Tuesday, October 25, 2011

New Project Award; Kroger Toledo

Midwest Mosaic just received a contract from a General Contractor out of Chicago to provide (furnish and install) tile in a local area Kroger store.  The project covers two pairs of multiple occupant washrooms, floors and walls, plus patch work related to the GC's operations elsewhere inside the store.  With a fast track schedule, Kroger Toledo will provide the crew at Mosaic with just over 30 man days of work in the next two months.  
On this project, which is but one store of Kroger's larger within-the-walls re-imaging program, the Cincinnati supermarket conglomerate sources its tile from Pantheon Tile out of Carrolton, TX.  

Mosaic obtained the work through its plan and spec marketing efforts on the BidClerk network, of which Mosaic only recently joined.  Look for an upcoming post about Plan and Spec Marketing 101.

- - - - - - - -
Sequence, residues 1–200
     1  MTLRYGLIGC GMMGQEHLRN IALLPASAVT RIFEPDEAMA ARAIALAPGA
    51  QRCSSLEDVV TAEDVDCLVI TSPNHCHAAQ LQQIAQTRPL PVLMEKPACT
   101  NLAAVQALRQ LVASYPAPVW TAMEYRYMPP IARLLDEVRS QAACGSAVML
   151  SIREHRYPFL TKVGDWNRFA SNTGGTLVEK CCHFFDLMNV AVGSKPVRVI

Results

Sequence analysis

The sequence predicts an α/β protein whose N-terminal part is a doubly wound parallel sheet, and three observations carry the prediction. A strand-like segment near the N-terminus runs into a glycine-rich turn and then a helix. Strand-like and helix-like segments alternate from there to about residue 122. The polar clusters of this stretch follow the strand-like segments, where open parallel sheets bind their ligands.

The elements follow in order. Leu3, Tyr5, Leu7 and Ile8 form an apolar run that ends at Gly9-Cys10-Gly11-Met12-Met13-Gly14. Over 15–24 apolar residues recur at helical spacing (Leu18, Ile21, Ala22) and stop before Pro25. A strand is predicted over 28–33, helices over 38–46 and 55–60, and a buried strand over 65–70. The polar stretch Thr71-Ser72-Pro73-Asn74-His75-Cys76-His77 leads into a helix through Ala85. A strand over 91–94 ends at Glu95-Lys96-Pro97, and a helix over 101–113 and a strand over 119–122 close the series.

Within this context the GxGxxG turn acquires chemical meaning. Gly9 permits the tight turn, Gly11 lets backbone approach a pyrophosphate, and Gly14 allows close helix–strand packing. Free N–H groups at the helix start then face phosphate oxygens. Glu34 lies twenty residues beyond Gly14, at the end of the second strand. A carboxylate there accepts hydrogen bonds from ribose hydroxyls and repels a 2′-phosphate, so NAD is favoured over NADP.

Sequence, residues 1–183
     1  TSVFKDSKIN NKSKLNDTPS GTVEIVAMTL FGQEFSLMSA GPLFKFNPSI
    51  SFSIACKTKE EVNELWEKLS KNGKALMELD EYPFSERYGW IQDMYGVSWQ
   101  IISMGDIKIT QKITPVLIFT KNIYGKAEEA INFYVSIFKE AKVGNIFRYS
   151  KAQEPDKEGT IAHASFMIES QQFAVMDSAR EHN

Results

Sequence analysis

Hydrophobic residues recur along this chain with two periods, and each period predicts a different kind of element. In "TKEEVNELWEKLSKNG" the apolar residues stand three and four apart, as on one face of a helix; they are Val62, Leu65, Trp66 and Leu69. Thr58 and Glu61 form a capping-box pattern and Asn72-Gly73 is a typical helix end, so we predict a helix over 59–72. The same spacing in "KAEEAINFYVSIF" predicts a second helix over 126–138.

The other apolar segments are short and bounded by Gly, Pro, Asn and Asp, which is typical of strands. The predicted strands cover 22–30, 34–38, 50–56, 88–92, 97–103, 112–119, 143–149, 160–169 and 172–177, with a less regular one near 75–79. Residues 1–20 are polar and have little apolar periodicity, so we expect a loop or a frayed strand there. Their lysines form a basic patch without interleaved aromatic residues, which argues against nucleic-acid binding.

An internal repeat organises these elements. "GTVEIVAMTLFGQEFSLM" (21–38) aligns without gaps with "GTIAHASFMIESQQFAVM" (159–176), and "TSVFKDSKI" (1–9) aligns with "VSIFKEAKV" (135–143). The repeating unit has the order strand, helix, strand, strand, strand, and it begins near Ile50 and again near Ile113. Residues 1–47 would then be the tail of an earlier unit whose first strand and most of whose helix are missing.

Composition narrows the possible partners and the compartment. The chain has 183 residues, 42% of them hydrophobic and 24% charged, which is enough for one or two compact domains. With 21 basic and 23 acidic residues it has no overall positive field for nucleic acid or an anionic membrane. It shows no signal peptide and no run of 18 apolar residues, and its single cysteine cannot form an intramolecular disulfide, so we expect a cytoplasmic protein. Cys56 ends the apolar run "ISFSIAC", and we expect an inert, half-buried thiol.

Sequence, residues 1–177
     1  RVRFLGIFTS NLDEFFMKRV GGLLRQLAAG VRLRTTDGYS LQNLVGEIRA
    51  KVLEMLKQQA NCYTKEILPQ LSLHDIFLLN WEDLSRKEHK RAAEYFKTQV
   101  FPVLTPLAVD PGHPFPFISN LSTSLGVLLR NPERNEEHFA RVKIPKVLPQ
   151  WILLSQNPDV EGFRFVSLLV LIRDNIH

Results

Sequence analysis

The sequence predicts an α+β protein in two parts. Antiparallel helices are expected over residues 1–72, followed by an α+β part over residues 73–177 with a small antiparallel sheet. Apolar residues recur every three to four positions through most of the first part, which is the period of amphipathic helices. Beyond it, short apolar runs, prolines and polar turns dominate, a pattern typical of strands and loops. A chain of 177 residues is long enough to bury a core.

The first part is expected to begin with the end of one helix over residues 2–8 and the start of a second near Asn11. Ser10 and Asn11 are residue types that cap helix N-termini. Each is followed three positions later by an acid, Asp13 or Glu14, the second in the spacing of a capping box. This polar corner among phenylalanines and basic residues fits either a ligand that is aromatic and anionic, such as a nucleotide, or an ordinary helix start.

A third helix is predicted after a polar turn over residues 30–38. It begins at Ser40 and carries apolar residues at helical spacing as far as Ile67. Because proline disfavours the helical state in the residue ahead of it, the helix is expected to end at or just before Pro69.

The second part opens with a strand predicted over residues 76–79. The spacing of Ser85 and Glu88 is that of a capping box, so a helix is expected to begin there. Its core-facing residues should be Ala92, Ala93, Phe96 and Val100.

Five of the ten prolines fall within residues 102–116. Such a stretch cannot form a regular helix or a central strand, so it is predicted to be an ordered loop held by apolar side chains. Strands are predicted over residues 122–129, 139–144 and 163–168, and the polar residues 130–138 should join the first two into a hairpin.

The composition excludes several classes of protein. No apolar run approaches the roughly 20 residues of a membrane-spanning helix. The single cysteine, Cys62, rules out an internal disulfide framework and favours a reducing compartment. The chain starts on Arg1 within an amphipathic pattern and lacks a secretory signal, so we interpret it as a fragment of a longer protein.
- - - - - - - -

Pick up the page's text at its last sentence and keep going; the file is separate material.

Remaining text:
Thursday, October 6, 2011

How To Modify Linear Drain for Rubber Pan Liner System

For those of you who, like me, prefer 40-mil PVC rubber waterproofing liner, a-la TCNA B-414/415 as their shower waterproofing system of choice, because it is tried and true and less expensive than membrane alternatives, and you want to use one of the awesome new linear drains from Schluter (Schluter Line) or Noble (Freestyle) which work so well with large format tile and slab shower floors, but are designed to integrate with their pricey proprietary membranes and are damage prone by virtue of their position within the floor section, here is a video which shows you how to modify the drain to work with a PVC clamping ring.

Disclaimers: No Schluters or Nobles were hurt in the making of this film, but do not expect either firm to give you a product warranty by following this how-to.  You are on your own, but then haven't we always been on our own with TCNA B414/415.  So far, so good.